The agreement is first and foremost a goods agreement and, predictably, does not regulate services broadly. Although it covers more aspects than those included in the model of the General Agreement on Trade in Services (GATS, for its acronym in English), does not include mutual recognition to facilitate the provision of services. It is the sector most affected by the treaty and will affect, above all, British companies, which will have to adapt to the regulations of each member state.
In financial services matter, the situation is one of uncertainty. Especially for the UK, which has not achieved mutual recognition for the City and is now awaiting a decision on EU equivalence. Such decision, which depends exclusively on the Commission, is independent of the agreement and is defined as being revocable in 30 days, with what is not a long term solution. Both parties have given themselves until March 31 of this year to reach a memorandum of understanding on the matter. For its part, London has granted equivalence to European entities in certain aspects of financial regulation. In the case of the non-European banking sector based in London, the main financial institutions have carried out their contingency plans, that is, replicate equipment in a European city to access the community market.
On the principle of equal conditions, true Gordian knot of this system of balances that is the agreement, although the obligation is not imposed (but the commitment is), corrective measures have been included in the event that one of the parties distorts this principle through, for example, the concession of public aid. By last, on public procurement —Essential for Spanish direct investment in the United Kingdom—, the agreement (very ambitious in this matter) foresees that European companies will be able to tender under equal conditions in a good number of sectors.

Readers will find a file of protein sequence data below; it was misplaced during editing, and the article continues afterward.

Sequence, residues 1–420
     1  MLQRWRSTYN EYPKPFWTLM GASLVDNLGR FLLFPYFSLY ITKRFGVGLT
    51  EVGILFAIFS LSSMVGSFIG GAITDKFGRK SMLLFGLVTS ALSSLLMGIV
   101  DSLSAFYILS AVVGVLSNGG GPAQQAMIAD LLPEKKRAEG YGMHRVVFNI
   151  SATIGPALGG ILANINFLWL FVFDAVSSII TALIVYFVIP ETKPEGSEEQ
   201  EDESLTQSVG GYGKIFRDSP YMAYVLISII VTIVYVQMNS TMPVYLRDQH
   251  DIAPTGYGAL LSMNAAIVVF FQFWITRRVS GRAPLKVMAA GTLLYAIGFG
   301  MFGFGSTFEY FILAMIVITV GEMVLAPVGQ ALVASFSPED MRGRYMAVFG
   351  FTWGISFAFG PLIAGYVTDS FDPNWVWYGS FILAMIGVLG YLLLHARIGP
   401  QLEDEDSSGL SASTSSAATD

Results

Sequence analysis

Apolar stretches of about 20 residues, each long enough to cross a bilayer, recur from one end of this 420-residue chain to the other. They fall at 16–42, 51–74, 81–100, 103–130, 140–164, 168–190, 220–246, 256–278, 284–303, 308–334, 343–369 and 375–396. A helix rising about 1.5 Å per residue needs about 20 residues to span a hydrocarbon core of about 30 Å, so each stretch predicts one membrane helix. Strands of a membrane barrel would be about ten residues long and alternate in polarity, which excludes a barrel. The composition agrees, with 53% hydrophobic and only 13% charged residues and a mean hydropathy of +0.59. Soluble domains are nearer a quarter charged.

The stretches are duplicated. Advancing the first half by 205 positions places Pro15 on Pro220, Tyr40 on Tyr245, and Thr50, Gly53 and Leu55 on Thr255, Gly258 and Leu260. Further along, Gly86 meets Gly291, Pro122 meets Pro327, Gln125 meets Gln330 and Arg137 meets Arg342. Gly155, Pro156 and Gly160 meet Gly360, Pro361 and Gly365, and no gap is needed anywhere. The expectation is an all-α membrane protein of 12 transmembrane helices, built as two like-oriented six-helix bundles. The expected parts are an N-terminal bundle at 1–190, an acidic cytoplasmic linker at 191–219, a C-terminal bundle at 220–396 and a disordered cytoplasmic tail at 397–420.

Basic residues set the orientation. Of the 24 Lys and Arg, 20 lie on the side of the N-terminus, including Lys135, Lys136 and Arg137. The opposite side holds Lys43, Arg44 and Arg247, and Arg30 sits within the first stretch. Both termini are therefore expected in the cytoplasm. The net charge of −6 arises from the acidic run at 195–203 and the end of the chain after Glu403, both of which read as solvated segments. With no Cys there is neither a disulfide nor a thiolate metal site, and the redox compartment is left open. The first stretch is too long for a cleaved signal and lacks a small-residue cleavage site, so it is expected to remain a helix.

Brexit time has come: a practical guide for those staying and coming to the UK
Freedom of movement is over. Things change. And a lot. Both for those who stay and for those who plan to enter or leave the country
We are before a text that it will be subject to continuous review and interpretation and that it will be very actively nourished by the experience of both public and private institutions. This extreme is essential to begin to understand how the future of the relationship will unfold. The agreement itself is subject to an Association Council led by a representative from the EU and another from the United Kingdom, both – please note – with ministerial rank.
The negotiation is not closed with the agreement; the real Brexit negotiation begins ‘hic et nunc’, and it is precisely this Association Council – co-chaired by two politicians – that will administer the new economic and commercial model. Its powers are broad and include taking decisions on certain matters of the agreement, making recommendations and, especially, agree modifications to the agreement in the anticipated cases. There is also a trade association committee, 10 committees specialized in trade affairs, eight committees specialized in other matters (energy, fisheries, security, etc.) and up to four working groups.
The ideal agreement never existed because we came from a perfect situation
This institutional scaffolding (which ironically reminds the European Commission) is essential to understand how Brexit will unfold and run. Not only because the decisions adopted by the Association Council or, where appropriate, by a committee will be binding on both parties, but because the agreement will be in constant motion; the text continuously refers to modifications, rectifications, consultations, revisions, decisions, transition periods, etc. Thus, Brexit does not end with the signing of the treaty, but rather on the contrary, it will be a gradual, dynamic process that will change over time.
The new agreement stands before us as a point of departure, not of arrival. It is an open agreement and its practical implementation – yet to be defined – will differ from the literal text.
The ideal agreement never existed because we came from a perfect situation. The business model has changed and needs to change with it. Faced with this new reality that the treaty imposes on us, it is time to move away from the skepticism that unwanted changes usually generate. Although with more barriers (to which we will adapt), the British market will continue to be attractive for our companies. New rules, but same market. Being successful will require effort and the ability to adapt, qualities that Spanish companies are not unaware of.
* Eduardo Barrachina is president of the Official Chamber of Commerce of Spain in the United Kingdom, ‘solicitor’ and lawyer at White & Case.